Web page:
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Federal Court History on Display in San Diego

The United States District Court for the Southern District of California invested significant time and effort into an exhibit marking the 50th anniversary of the district, which was established by Congress in 1966.

The Southern District’s 50th anniversary exhibit was installed in the jury assembly room of its newest courthouse.

The project involved judges, court staff and design assistance from the Ninth Circuit. A private vendor built the final product to court specifications.

The exhibit, titled “Then and Now: A History of the Southern District of California Since 1966,” is situated in a jury assembly room of the new James M. Carter and Judith N. Keep U.S. Courthouse in San Diego. The display consists of a time line that stretches some 25 feet. It is divided in five panels, each depicting 10 years in the district history. Through images and text, the time line relates important cases, appointments of Southern District judges and court officers, court statistics and local San Diego history.

Also prominently displayed in the exhibit is information about the district’s courthouses. Four of the five decades feature a representative courthouse,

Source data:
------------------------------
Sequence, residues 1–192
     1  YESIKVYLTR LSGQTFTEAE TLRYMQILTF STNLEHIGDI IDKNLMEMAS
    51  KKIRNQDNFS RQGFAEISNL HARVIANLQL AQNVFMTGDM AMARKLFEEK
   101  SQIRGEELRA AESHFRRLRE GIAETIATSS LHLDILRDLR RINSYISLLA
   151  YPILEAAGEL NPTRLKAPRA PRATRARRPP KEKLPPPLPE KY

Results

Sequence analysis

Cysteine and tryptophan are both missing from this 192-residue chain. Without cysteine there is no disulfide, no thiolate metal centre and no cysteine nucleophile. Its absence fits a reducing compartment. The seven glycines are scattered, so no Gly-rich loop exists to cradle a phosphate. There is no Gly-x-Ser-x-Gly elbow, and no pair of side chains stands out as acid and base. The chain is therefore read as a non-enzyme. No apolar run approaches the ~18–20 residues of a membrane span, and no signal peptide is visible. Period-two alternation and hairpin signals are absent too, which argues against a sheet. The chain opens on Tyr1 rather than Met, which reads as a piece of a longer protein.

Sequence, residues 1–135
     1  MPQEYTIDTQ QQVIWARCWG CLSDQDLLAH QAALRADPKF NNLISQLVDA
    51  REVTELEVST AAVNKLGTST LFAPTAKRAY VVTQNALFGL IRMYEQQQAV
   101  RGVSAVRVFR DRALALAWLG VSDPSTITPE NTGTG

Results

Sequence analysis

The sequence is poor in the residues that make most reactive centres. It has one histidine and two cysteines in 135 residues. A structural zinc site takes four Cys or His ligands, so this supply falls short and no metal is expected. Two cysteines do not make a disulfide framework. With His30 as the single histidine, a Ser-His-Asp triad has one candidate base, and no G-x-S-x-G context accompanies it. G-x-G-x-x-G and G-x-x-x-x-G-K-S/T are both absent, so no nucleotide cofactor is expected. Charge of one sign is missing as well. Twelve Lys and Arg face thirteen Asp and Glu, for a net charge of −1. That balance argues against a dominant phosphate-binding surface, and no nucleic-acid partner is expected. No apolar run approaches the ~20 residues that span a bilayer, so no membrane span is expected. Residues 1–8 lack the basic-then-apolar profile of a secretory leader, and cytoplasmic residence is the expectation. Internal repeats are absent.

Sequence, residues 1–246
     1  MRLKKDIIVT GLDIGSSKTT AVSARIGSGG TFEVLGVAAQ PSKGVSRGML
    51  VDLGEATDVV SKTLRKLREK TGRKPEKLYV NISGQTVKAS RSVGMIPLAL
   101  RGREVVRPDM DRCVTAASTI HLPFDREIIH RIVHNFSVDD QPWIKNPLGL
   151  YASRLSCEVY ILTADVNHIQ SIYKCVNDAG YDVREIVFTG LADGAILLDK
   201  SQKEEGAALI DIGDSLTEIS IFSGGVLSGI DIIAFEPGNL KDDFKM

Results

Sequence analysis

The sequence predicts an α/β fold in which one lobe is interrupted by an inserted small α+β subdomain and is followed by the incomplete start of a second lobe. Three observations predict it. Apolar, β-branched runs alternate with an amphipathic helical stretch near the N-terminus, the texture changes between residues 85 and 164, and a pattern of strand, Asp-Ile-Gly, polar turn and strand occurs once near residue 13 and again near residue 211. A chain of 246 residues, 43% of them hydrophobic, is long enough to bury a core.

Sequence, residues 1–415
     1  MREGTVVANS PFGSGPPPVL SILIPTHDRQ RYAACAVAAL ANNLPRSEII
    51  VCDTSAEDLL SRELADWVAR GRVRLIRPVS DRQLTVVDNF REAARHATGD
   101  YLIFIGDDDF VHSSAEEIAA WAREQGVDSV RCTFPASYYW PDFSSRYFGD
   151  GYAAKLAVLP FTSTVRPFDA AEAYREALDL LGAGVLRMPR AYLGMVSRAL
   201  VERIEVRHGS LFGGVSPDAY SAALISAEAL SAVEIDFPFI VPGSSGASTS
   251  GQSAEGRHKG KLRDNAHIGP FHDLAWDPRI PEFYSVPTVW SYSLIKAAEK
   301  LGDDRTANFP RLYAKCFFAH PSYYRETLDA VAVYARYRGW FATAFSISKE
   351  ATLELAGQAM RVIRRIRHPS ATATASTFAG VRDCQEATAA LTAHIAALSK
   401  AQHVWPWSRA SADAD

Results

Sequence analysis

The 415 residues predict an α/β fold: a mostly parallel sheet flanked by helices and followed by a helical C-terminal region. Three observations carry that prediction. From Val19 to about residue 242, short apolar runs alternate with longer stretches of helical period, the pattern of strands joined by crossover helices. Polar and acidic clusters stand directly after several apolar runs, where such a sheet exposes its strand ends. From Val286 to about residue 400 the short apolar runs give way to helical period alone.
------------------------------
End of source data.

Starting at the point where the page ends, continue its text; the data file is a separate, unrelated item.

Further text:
including the Jacob Weinberger U.S. Courthouse constructed in 1913 as a U.S. Post Office and Custom House, which now houses the U.S. Bankruptcy Court

for the Southern District.

The exhibit was a joint effort between the Southern District and the Office of the Circuit Executive for the Ninth Circuit. The design in San Diego included District Judge Janis L. Sammartino, District Clerk John P. Morrill, Court Architect David G. Allen, and Secretary to the Clerk of Court Lisa Christensen, conceptualized the scope of the exhibit and conducted the research for key points along the time line.

The Ninth Circuit’s Alex Clausen, a graphic artist and audio and video specialist provided design support, helping to visualize and organize 50 years of court history. Once the design was completed a local San Diego exhibit producer, Impact Visual Arts, printed,

assembled and installed the work.

The exhibit was officially unveiled on September 16, 2016, as part of a larger celebration of the district’s 50th anniversary.

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